Design Thinking at Scale
I recently came across a Wired article about how IBM is applying design thinking to change the way its 400,000 employees work, and I was hooked. Design thinking, or human-centered design, is a dynamic and flexible process for quick problem-solving from the perspective of the user, or the recipient of the solution. How might IBM use it to change its operations?
Well, IBM has adapted design thinking for its own uses, coming up with a process called The Loop. The Loop consists of an infinity symbol, which contains three green dots and a yellow dot, all four forming a square. The loop represents infinite, or what they call “restless” innovation, while the green dots represent multidisciplinary teams, and the yellow dot represents the user. The three principles are to constantly innovate, focus on the user, and use multiple perspectives through their teams.
How does this giant company build in agility? After all, it’s a complex working environment and design thinking is designed to craft clarity, albeit typically for small groups. The mantra IBM has adopted is: everything is a prototype.
It’s difficult not to love this approach. The rule for prototyping in design thinking is to fail early and often, before many resources become invested in a project or idea. To view everything as a prototype, to me, encompasses several wonderful principles, including the following:
- Detachment: if it’s a prototype, you won’t too attached to it as a final product, which means you’ll be open to other ideas, AND you’ll constantly be thinking of ways to improve on them. Score.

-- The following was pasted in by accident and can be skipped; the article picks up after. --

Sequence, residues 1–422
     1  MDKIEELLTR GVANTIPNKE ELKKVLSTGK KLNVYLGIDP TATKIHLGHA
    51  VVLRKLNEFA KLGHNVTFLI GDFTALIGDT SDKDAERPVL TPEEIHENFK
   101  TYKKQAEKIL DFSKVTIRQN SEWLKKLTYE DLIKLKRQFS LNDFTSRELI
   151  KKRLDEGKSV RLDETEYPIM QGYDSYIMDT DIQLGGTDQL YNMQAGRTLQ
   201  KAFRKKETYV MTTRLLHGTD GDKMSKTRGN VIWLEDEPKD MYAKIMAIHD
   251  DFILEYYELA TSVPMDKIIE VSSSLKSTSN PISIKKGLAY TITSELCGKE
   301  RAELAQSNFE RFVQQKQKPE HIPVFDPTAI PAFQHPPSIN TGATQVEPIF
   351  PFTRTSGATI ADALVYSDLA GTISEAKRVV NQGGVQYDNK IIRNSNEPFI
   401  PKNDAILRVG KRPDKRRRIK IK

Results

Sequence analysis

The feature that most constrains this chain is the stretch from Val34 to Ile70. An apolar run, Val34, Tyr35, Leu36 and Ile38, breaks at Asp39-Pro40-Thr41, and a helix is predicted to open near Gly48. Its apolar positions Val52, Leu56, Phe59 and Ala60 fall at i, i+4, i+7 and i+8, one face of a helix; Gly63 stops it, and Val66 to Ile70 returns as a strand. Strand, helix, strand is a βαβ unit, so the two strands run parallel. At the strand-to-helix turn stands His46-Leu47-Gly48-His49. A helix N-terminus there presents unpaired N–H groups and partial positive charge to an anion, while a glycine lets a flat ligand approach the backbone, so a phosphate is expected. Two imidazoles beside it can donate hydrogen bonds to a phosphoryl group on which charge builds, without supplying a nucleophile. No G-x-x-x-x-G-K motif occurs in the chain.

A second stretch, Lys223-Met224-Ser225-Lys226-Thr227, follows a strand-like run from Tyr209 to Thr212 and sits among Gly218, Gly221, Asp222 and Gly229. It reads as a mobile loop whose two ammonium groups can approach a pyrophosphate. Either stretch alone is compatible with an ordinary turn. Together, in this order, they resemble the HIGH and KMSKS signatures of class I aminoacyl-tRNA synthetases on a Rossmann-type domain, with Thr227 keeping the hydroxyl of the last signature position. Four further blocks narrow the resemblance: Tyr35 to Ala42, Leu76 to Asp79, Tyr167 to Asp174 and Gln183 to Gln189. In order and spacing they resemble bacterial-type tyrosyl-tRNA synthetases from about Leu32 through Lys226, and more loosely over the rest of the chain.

- Mindfulness: chances are you’ll stay in the moment, and cultivate a process-oriented mindset, focusing on the prototype and its current evolution instead of jumping to conclusions or implementation.
- Iteration: since you’re prototyping, you can follow a different angle or start over with little grief if something fails (i.e. doesn’t meet the criteria for user satisfaction).
Of course, it’s also necessary to implement, finish and deliver a polished product or service. However, once that’s done, the product can still be viewed as a prototype with an eye to improvement. A work environment where everyone is always learning builds in engagement, constructive feedback, and productivity, and leverages unpredictability, while banishing negative judgment, drudgery and routine. This way of working also flattens company hierarchy and with it, removes barriers to communication and cooperation.
IBM is following through on its commitment to mainstreaming design thinking: the ratio of designers to coders has gone from 1:80 to 1:20, and the target is 1:15. Also, the company has put 10,000 employees through its design bootcamp to date – while this is only 2.5% of employees, 100 products have also emerged from their design thinking processes. It will be interesting to see how IBM continues this journey of integrating design thinking into its entire operations.